Statham’s in full blunt-object mode here, at his most outright Bronson, with his cool terseness carrying him from scene-to-scene when words can’t. He’s a hollow man given purpose through grief, trying to ensure that his last real tether to humanity means something in its absence — his single-minded focus almost calling to mind Gully Foyle’s in Bester’s The Stars My Destination (if only we could have heard him mutter “Scott Eastwood, I kill you filthy.”) — and that means this role lacks some of the wit that otherwise defines his presence as an action star. Still, he’s cool, and this silence allows for his co-stars to do most of the heavy lifting for him, which is an added plus given the director’s fantastic decision to plumb the depths of underutilized genre actors to fill out his cast. Case in point: Ritchie’s oft-ridiculous dialogue has never sounded better than it does when it’s in Holt McCallany’s musical baritone, whether it’s him bullshitting with his boys in the locker room (in which he describes a dumb co-worker as a man who “has to stick his tongue out of his mouth” when he writes) or guiding Statham through his new employee training. But let’s just list out some of the folks who get a decent portion of screentime here: Raul Castillo, Andy Garcia, Jeffery Donovan, Laz Alonso, Niamh Algar, a genuinely weasely Josh Hartnett (which rules), and even fucking Post Malone. If you’ve ever wanted to throw a coaster through your TV after having been forced to watch one too many of the dude’s Bud Light commercials during Sunday Night Football, well, you might find this one fun.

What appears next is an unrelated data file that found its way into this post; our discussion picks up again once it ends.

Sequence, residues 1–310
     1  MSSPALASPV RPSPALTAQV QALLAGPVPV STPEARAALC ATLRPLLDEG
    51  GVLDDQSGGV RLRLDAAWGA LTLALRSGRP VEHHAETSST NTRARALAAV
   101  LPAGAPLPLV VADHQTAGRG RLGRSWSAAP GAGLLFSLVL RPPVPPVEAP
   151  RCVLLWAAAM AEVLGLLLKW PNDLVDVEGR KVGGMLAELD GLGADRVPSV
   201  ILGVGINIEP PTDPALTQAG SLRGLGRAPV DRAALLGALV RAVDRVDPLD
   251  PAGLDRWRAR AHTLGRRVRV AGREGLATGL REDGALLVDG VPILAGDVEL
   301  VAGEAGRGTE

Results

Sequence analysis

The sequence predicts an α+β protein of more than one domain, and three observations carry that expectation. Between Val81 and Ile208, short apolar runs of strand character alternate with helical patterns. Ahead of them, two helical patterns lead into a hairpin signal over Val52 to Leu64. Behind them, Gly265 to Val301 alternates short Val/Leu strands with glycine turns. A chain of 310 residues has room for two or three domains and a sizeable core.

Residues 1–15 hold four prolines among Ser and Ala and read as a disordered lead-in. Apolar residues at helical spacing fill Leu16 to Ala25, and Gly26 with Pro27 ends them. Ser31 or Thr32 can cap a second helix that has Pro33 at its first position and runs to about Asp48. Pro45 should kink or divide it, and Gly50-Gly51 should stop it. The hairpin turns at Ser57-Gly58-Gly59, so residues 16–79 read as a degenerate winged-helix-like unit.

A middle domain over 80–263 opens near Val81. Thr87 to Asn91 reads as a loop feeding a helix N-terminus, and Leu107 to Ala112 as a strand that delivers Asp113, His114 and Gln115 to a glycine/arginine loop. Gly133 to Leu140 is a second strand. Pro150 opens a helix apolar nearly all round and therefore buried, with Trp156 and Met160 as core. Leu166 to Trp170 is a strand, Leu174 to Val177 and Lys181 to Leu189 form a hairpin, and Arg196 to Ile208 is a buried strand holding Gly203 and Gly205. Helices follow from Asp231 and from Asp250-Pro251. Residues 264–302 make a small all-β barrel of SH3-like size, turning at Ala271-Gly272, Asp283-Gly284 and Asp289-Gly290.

Of course, any movie made after 1995 about robberies in LA will owe a tremendous debt to Michael Mann’s Heat, and the operative question should not be “why are they making this movie again?” (answer: Because it is a good way to make a good movie), but rather “what new are they bringing to the table?” Den of Thieves brought the Peckinpah-bastard aesthetic to throw the conventions of the slick Mann gangster to the wind, which proved irresistible for a certain type of degenerate viewer like myself, and Wrath of Man does something similar. Instead of doubling down on that formula, it imports a generalized Eurocrime aesthetic — primarily echoing the non-Giallo crime thrillers from the wild ’70s on that continent — to the point that one could start fan-casting what a version of this might have looked like had it rolled into cinemas in, say, ’73. It makes itself manifest in fun ways — Ritchie’s movement-oriented editing in Statham’s training sequence, the way he films Eastwood’s eyes, a bizarro porno set which our characters find themselves on, and even the final scene, where one could practically hear the Morricone score undercutting the punchy dialogue — and is the thing that keeps much of Wrath of Man from feeling warmed over or a half-hearted echo of better periods in Ritchie’s career. It’s fun, goddammit: Fun to see where it goes, fun to see how the complicated heists unfold, fun to see whatever tricks the director still has up his sleeve as you reach the terminus. And, yes, that can be enough.